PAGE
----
What are they talking about?

7. I’m close to being convinced that Oracle wanted to buy __________ to kill the product, but knew it couldn’t pull off the stunt itself. So it sent in a stooge (Sun Microsystems) to do the job.
What are they talking about?

8. But when I think about what killed most of the startups in the e-commerce business back in the 90s, it was bad __________.
What are they talking about?

9. Where should the PMO exist and report to? Since most companies have a lot of projects located in the ______________ area, this becomes a natural place to locate the PMO.
What are they talking about?

10. A US Department of Homeland Security bug-fixing scheme has uncovered an average of one security glitch per 1,000 lines of code in 180 widely-used _______________ software projects.
What are they talking about?

February 12, 2008  10:04 AM

Overheard: Domain kiting is dead

Margaret Rouse Margaret Rouse Profile: Margaret Rouse
icann-flags.gif Domain kiting is now dead. There is no longer any way to register and drop a domain without incurring a fee. Tasting operations now have a higher cost to operate, but they have not been stopped.Google And ICANN Did Not Kill Domain Tasting; Domain Kiting and NSI Front Running DOA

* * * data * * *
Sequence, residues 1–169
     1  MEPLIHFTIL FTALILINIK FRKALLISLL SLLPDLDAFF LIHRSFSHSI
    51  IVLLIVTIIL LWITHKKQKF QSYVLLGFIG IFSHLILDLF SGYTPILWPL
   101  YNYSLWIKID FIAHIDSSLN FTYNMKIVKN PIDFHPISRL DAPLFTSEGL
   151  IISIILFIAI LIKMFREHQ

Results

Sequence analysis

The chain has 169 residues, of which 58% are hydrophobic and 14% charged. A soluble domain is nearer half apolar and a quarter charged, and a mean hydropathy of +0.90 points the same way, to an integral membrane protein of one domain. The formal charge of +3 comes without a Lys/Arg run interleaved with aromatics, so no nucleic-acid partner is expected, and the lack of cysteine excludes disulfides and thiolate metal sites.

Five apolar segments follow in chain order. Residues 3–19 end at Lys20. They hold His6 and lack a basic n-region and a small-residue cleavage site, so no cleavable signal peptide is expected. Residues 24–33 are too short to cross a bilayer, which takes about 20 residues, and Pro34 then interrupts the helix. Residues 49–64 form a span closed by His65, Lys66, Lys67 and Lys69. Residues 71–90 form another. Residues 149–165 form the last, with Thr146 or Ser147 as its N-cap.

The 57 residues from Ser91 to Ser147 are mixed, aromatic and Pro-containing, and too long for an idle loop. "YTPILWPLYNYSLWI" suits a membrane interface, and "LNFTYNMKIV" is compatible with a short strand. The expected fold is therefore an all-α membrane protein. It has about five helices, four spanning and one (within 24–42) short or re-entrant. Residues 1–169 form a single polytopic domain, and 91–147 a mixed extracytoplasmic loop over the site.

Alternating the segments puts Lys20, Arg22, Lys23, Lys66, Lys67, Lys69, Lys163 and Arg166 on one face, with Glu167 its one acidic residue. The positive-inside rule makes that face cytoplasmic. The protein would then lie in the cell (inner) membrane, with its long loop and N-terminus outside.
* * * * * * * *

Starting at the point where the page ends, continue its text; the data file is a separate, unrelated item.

Domain tasting operations register bulk batches of domain names and keep the domain name that they believe will make them a return and delete the rest. Often times the taster will use a search company to place ads on the domain for that 5 day period in order to assess whether a domain name is worth keeping. Currently if the domain is deleted within the 5 day window there is no fee involved. This led to the abusive practice known as domain kiting. The kiter would register a bulk list of domains and keep them for the 5 day period and then delete and re-register the domain for another 5 day period, never paying for the domain or a fee. The practice does tie up large sums of money, as the registry requires registrars to prepay for registering domains.

According to an ICANN report, 94% of all .com registrations in January 2007 were deleted.